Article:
Saturday, August 26, 2006

The Nature of the Beast

There's a story about a certain mammal whose species I cannot remember now and a scorpion going across the river. The scorpion goes on the mammals back promises not to sting him, if he takes him across. In the middle of the river, the scorpion stings the mammal and they both drown. Just before they do, the mammal asked the scorpion, why the ****** did you ***** bite me you stupid ***** *****? (Kids always get the abridged version of that quote and I have very good information that the said mammal was from the Balkans region). The answer the scorpion gave was pretty simple: “It’s in my nature.”
That got me thinking when I was reading a book that, among others, deals with slavery. I am wondering whether the hierarchical structure of our society is such because it’s efficient and it is developing as the methods of production develop or whether it is in the nature of an individual to simply want more than their neighbor, regardless of everything else.
Why does it matter? It matters simply because I refuse to take the nature of the beast as an excuse for a lot of attempts of enforcing our will on others. And even if we are a species who are bent on world domination and have fun and fits of manic laughing while doing it, it’s still not an excuse. It is an excuse if you’re a bug. There’s more to being human than to being a bug though. Then again I could be just the naïve mammal who took the beast across the stream. I’ll think about this…

Thursday, August 17, 2006

The fine art of reading

When commuting to work in the morning and back home in the evening, I travel by bus. Cheap, efficient, ecological, relaxing and on top of all those very important reasons I don't have the money to buy a decent car. Partially because I have to travel to work by bus, which means I’m bored on the way, which means I buy books to read.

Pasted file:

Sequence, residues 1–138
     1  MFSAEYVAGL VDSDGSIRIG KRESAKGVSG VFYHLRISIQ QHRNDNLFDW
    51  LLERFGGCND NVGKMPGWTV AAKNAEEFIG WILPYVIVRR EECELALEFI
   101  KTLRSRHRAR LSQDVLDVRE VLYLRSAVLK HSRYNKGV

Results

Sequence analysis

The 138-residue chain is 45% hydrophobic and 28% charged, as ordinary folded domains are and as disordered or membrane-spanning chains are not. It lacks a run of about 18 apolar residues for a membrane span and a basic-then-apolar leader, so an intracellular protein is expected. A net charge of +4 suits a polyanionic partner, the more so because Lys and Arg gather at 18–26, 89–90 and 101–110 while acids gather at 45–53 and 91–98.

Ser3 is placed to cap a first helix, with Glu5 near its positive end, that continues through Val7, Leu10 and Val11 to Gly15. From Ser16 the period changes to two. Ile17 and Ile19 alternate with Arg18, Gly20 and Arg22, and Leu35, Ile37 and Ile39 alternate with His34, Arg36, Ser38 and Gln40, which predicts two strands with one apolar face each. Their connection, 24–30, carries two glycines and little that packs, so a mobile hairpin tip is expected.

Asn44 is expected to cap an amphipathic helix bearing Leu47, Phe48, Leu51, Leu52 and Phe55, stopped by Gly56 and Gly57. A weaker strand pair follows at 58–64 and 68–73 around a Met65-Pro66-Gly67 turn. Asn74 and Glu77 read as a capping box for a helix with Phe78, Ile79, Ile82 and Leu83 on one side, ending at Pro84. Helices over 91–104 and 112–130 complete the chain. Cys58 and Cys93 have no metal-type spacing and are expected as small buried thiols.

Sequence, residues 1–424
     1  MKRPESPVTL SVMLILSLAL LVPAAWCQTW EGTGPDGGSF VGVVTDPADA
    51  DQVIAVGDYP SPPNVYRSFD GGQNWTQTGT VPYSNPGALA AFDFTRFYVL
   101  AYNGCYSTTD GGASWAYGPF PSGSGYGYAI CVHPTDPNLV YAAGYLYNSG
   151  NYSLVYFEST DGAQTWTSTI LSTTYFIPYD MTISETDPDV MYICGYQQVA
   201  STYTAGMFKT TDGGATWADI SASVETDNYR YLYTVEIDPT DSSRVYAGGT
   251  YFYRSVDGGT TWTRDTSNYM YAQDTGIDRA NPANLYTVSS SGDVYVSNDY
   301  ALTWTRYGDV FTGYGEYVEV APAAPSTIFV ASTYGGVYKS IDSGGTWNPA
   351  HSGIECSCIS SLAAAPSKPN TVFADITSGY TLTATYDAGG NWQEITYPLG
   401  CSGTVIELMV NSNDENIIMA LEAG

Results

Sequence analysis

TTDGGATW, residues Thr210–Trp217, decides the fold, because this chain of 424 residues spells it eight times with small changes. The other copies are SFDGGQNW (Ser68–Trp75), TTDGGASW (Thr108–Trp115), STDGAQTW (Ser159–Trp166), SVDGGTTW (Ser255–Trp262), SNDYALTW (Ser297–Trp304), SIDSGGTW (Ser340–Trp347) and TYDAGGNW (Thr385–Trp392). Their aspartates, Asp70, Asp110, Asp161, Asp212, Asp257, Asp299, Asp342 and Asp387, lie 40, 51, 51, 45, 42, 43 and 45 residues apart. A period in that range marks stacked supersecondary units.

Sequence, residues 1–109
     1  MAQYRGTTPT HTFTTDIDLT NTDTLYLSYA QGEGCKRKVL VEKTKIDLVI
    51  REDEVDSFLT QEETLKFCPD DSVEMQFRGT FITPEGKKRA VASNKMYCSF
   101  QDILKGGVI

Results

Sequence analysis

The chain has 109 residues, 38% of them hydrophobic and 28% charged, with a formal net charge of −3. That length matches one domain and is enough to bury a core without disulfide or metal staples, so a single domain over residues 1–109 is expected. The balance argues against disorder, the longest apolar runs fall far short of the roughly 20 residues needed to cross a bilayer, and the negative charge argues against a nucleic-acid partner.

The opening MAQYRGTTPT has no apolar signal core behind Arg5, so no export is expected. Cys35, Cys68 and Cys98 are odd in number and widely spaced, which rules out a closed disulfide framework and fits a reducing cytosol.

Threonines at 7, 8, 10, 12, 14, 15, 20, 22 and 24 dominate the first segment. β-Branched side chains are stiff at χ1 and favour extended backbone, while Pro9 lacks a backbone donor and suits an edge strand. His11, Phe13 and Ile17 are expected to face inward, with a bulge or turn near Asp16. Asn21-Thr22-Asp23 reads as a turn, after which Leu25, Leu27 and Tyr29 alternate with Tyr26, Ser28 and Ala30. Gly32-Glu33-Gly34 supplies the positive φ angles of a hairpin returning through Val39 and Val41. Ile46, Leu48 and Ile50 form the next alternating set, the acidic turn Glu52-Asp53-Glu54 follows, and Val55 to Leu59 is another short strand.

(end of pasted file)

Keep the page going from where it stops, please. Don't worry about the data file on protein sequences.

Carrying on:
I’ve long since given up on the local libraries to have anything interesting I want to read, as their budget for new foreign literature just about covers the 8 copies of The Da Vinci Code, always booked in advance anyway. Still, I notice that people I know don’t frequent libraries much and neither do they spend a lot of time reading. Admittedly, a lot of people I know are working jobs that require them to read all day, but you cannot really compare a document you read at work with a good book.
I wonder why don’t people read more? Am I a creature of the past, who still believes in paperbacks while the world has moved on to more advanced forms of consumption of information? Probably. Good literature is not necessarily about information, though. It’s about the appreciation of a good peace of art woven together with a story. People rarely take the time for that any more. There are a lot more important things to do, than indulge yourself in a book, while commuting to and from work… Or are there? Try it. You might even like it.

Saturday, August 12, 2006

What happened to Harm Principle?

Not much. I’ve been taking a summer break after exams and then I started working again so I ended up doing everything else and not finding the time to post here. Have no fear, however, the Harm Principle is back, I just need to organize my time a bit better so I can write a post now and then.